There’s more than beanbags and pingpong tables required to building a productive office environment where everyone can do their best work. There is little debate that the ideal office environment is one that promotes the most productivity, but at the same time there’s also little insight into how exactly to achieve it.
From working with organisations of all shapes and sizes I know that great work cultures are a mix of introverts and extroverts. Great leaders know that different environments are required for each of those individuals to flourish.
Unfortunately, the reality is that most organisations only provide two kinds of environments, and seldomly do team members have a choice as to where exactly their work space is situated within the office. So it’s no wonder that many employees fail to produce their best work, and become unhappy at work.
Currently the most popular workplace trend for office culture involves open plan environments that encourage individuals to work together. Indeed, the 2015 Google Collaboration and Innovation Survey results show that surveyed organisations believed this is the number one opportunity to improve profitability.
An open-plan work environment as basically one in which there are no distinct rooms or fully enclosed spaces. Instead, workstations are positioned together — sometimes separated by short screens or panels — within one exposed floor plan.
Employees can be stationed in a smaller area, with a reduction in both the size and quantity of office furniture required. Businesses can save on equipment investment as communal spaces promote shared use of resources and stationary, such as printers, copiers and staplers.
However, the constant interaction can be both beneficial and distracting to different employees.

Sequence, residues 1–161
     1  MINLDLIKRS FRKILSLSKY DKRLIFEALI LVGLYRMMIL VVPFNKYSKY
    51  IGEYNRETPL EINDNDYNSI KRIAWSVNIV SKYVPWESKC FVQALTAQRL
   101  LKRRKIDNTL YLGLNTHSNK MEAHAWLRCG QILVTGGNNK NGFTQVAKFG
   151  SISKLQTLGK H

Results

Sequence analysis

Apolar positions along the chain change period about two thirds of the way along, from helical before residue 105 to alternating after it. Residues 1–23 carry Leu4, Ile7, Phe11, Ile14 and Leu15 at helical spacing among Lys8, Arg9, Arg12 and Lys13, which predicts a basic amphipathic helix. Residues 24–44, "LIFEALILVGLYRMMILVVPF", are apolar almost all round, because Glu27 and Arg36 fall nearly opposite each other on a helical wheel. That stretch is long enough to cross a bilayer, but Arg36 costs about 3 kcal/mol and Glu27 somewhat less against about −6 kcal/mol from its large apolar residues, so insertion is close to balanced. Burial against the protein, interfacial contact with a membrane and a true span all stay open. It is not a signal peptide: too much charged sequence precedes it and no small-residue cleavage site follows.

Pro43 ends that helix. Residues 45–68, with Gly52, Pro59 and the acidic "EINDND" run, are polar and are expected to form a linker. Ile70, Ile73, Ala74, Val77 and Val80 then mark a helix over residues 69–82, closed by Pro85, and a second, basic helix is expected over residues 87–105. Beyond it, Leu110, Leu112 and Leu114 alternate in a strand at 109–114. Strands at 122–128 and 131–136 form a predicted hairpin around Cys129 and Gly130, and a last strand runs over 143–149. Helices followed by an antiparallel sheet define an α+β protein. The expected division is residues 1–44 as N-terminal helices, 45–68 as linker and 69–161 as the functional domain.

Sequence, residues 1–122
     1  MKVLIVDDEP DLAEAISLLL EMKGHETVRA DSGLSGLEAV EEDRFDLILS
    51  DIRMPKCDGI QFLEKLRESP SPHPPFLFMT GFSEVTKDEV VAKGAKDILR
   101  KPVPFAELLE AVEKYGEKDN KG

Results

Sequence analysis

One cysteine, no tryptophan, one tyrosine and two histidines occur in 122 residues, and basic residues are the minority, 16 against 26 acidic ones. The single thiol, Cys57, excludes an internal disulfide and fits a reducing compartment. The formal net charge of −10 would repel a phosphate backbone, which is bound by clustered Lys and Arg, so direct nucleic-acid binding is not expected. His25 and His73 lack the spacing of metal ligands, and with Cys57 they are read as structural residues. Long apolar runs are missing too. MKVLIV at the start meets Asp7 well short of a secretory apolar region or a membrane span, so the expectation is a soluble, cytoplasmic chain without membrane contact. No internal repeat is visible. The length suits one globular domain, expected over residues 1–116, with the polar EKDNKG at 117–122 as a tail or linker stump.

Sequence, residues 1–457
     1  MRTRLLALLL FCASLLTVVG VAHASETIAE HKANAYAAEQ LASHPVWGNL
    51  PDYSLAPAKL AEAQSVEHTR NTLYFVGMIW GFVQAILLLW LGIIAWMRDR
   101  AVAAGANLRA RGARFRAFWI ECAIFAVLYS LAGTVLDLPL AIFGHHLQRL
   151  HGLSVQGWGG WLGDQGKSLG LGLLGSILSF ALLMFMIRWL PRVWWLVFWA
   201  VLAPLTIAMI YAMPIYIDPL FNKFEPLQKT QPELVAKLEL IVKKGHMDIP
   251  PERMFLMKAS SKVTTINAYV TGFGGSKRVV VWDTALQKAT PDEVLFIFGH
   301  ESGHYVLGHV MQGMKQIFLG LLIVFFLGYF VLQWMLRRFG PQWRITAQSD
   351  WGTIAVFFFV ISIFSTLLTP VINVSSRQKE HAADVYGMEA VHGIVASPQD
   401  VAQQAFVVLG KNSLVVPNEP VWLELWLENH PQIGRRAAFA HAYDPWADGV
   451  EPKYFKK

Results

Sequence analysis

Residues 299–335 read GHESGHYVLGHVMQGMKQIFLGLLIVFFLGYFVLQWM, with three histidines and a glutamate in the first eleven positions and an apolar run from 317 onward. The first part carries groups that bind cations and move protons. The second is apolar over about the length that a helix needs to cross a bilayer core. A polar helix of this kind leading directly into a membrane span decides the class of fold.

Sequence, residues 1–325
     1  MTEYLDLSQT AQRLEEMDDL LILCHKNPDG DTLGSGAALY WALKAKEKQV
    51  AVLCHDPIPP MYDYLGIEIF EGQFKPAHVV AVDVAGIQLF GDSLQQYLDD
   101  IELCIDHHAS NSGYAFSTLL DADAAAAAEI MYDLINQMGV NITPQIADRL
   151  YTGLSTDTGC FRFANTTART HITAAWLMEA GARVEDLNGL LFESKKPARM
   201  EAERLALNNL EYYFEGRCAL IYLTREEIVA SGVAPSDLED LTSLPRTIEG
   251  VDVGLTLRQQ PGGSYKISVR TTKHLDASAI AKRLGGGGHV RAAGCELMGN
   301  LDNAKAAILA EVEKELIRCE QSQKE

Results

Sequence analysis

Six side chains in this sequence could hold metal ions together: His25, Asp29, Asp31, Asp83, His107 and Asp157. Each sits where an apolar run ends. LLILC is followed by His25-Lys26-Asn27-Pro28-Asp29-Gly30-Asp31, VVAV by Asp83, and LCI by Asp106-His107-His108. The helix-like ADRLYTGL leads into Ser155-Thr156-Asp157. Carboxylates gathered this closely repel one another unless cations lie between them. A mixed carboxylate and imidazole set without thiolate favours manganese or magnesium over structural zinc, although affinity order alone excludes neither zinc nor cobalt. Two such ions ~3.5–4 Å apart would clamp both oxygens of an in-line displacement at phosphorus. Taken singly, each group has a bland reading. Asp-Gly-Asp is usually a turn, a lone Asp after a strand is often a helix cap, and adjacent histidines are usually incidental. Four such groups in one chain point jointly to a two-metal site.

Some people have a marked preference for this work environment because they feel energised by the constant contact with their colleagues, and the ability to easily ask for information or advice, and share ideas. However, the noise, distraction and lack of privacy can really bother other people. And of course, constant distraction and interaction among the staff can affect the overall productivity for the business.
I believe that, just as various roles require different environments for professional purposes, employees have their own individual requirements.
Managers and senior leaders have always agreed that certain employees require a specific work space due to the nature of their work. For example, accountants, financial controllers and law professionals within a company require a private space in which sensitive information cannot be over-heard or inadvertently seen by others.
Through my experience, I have also discovered that, regardless of an employee’s professional role within an organisation, their personality type may require a specific environment in which they can really flourish, rather than being strangled.
The four types of working environments that are generally required within each business/office to suit various functions and personalities include:
- Quiet – These suit people who do their best work in silence or with significantly reduced distractions. Examples: private workstation or office, working remotely/virtually
- Private – A designated space to contain a discussion or small team meeting. Examples: Small meeting room, café, walking meetings
- Group – For occasions that require a number of people to come together for a meeting or workshop. Examples: larger meeting room with whiteboards, external spaces, virtual meeting rooms, video calls.
- Social – This space has many uses, such as for teams to share ideas, interact differently, or break up monotony between tasks. Examples: Cafes, room with bean bags, outdoor courtyard area.
An employee might use a number of different spaces to achieve the best result at various tasks throughout the day.
I always encourage Managers to seek feedback from employees themselves, rather than just making assumptions. We need to always bear in mind that everyone has a different personality and different preferences. One person may prefer to type up a report in a Quiet Zone, whereas his colleague may choose to complete the exact same task in a Social Zone.